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Update: Lawmaker to introduce bill on cancellation fees after Verizon's increase

Sen. Amy Klobuchar (D-Minn.) said Monday she plans to introduce legislation to keep wireless carriers from unfairly raising penalties on consumers who cancel their contracts early.

The decision comes after Verizon Wireless said last week it plans to double the early termination fees it assesses smart phone owners who ask to get out of their two-year service contracts. The new fees, which would total $350, are scheduled to go into effect Nov. 15.

Klobuchar wrote a letter to Verizon Wireless CEO Lowell McAdam Monday, telling him that the decision was "anti-consumer" and "anti-competitive." She said more and more households are relying on wireless services as they cut the cord on landline phones. Charging hundreds of dollars for leaving a contract, even if a customer moves to an area that no longer has service by their provider, hurts consumers, she said.

Wireless carriers responded last year to Klobuchar's criticism of the fees by pro-rating their penalties by the number of months served in a contract. The carriers say they try to keep customers in long-term contracts because they need to make up the costs they incur by selling phones at a steep discount.

Klobuchar also wrote a letter to Federal Communications Commission Chairman Julius Genachowski asking that the agency also investigate Verizon's move.

"Verizon Wireless’ decision shows us once again that the wireless industry cannot police itself and will not, on its own, make its practices more competitive and consumer-friendly," Klobuchar wrote. "To that end, I urge the FCC to review the recent Verizon Wireless decision as well as the competitive and economic impact of ETFs on wireless consumers."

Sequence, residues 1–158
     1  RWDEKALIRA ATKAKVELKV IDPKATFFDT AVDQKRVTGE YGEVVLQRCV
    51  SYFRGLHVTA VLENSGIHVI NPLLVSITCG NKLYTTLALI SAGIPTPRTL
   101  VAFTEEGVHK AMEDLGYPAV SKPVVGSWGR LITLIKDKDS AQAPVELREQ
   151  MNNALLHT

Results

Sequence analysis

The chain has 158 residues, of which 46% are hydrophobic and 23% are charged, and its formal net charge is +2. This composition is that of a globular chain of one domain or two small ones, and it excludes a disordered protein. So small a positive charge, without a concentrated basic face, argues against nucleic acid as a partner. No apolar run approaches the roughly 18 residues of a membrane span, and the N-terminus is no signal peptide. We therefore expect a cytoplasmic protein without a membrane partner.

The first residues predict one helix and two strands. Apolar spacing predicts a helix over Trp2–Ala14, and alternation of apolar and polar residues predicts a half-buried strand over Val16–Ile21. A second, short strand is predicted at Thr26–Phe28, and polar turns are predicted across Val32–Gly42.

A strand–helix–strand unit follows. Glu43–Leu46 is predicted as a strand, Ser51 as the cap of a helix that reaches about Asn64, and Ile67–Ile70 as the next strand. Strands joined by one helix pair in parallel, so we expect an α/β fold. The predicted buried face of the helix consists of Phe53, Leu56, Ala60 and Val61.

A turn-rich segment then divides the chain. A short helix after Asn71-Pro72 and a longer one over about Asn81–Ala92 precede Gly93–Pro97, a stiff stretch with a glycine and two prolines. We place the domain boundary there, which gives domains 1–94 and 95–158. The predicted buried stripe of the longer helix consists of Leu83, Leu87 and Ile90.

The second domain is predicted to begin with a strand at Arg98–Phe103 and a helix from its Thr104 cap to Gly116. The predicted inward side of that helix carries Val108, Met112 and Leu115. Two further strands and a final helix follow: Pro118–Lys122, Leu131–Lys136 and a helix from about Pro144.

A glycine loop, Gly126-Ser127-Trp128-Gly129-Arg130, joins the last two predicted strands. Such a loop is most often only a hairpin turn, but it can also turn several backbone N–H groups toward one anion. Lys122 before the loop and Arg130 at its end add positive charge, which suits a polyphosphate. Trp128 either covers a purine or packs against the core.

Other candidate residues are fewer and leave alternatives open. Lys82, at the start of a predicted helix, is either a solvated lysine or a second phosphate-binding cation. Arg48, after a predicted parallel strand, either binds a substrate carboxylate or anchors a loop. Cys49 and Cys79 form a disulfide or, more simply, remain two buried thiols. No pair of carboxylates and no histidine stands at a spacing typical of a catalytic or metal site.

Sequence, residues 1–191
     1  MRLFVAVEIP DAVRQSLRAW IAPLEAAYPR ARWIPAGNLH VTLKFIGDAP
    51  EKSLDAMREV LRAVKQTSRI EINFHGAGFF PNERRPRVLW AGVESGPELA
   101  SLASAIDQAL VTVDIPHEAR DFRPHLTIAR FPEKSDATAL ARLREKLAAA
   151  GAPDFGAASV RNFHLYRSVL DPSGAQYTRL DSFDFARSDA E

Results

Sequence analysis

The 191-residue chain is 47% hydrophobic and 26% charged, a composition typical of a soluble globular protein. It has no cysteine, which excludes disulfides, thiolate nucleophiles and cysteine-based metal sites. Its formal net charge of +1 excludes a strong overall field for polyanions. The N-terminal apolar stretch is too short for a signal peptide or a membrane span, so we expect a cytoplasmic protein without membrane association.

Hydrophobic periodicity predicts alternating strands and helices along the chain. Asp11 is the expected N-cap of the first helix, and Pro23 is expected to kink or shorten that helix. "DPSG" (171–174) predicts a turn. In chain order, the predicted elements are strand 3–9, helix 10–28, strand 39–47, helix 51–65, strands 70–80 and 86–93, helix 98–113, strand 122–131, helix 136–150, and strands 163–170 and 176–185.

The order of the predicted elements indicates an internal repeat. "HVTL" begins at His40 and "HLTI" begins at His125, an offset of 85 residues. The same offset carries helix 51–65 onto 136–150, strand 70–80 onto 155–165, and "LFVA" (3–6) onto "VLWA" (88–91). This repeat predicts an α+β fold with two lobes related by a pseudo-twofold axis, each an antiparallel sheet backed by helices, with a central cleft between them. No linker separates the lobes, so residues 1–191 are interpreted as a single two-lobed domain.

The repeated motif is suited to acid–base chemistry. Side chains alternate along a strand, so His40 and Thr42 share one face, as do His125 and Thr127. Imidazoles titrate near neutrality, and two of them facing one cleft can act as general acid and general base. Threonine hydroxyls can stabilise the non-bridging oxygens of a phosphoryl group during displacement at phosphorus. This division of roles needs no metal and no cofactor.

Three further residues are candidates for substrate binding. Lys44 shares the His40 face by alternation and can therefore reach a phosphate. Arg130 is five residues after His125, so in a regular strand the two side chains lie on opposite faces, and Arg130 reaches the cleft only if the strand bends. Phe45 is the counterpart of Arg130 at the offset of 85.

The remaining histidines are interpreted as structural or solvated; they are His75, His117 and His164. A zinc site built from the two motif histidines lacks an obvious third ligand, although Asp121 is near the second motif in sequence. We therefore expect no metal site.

As reported last week, Verizon Wireless, the nation's largest wireless service provider, said it has decided to raise its early termination fees on smart phone users because of the rising cost of discounting new "advanced devices" and netbooks.

Jim Gerace, a spokesman for Verizon, said the early termination fees would be prorated $10 a month. That means, if you've made it halfway through your two-year contract, the $350 penalty will be reduced $120 to $230.

He said consumers can buy any of the phones that work on Verizon's network without signing a contract. So if you want to buy a Blackberry Storm 2, you could get the device for $180 with a two-year contract or pay $539 to use the phone without any obligation for your term of service.

Gerace said he had not seen the letter when I called this afternoon so could not immediately respond.

In an interview, Klobuchar said she will likely introduce a portion of a wireless consumer protection bill that deals with the termination fees.

It would be similar to the legislation she introduced last year that didn't make it out of committee. The bill would require wireless carriers to pro-rate their early termination fees so that, at a minimum, a consumer exiting a two-year contract after the end of the first year would have to pay only half the termination fee.

In Klobuchar's letter to McAdam, the senator said Verizon's action will "unfairly penalize consumers" and "bear little to no relationship to the cost of the handset device."

"More and more, the wireless phone is becoming the phone of choice for people," Klobuchar said. "This is no longer the business guy on Wall Street buying smart phones, for many this is their only phone."

By Cecilia Kang  |  November 9, 2009; 5:35 PM ET
Categories:  Early Termination Fees , Mobile , Verizon  
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Comments

Cecilia, nice article. I wanted to respond by addressing those Verizon subscribers who would be affected by this increase of ETF because they are considering changing to another provider due to a high Verizon plan cost. We tend to think of wireless costs as fixed, but you can tinker with your current Verizon Wireless plan to optimize its features to best suit your usage and often generate significant savings in the process. I know this firsthand because I work in the consumer advocacy division of the company Validas, where we electronically audit and subsequently reduce the average cell bill by 22 percent through our website, http://www.fixmycellbill.com (and I'll add that 22 percent equates to over $450 per year for the average user). Put simply, Validas guards against frivolous and unnecessary charges that over-inflate a cell bill.

You can find out for free if fixmycellbill.com can modify your plan to better suit your individual needs by going to the website. For more info, check out Validas in the national news media, most recently on Fox News at http://www.myfoxtampabay.com/dpp/consumer/conlaw/lower_cell_phone_bills_072409 .

Good luck to everyone reading on cutting the wireless costs, especially in light of this unforgiving economy.

Dylan
Consumer Advocacy, fixmycellbill.com

Posted by: dbb10001 | November 13, 2009 11:52 AM | Report abuse

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